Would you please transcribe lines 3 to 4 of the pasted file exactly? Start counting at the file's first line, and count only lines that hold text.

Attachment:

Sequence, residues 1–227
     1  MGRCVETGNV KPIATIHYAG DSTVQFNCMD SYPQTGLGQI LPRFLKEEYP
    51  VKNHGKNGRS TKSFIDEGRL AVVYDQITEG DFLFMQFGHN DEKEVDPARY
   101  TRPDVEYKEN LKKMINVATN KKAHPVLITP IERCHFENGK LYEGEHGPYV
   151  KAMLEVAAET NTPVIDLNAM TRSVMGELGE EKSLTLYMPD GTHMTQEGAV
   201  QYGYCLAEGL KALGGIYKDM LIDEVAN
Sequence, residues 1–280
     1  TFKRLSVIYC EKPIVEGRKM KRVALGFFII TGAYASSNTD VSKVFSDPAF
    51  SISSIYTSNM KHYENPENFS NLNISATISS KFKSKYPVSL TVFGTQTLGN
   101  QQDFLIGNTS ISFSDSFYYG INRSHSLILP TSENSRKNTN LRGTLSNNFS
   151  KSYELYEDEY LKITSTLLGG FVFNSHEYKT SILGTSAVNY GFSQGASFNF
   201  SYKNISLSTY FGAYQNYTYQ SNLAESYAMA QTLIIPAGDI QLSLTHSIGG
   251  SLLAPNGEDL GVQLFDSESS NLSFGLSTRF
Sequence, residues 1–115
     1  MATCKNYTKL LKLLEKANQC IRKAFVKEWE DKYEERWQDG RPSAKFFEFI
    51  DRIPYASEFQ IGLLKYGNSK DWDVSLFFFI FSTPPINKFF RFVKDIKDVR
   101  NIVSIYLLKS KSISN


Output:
    51  VKNHGKNGRS TKSFIDEGRL AVVYDQITEG DFLFMQFGHN DEKEVDPARY
   101  TRPDVEYKEN LKKMINVATN KKAHPVLITP IERCHFENGK LYEGEHGPYV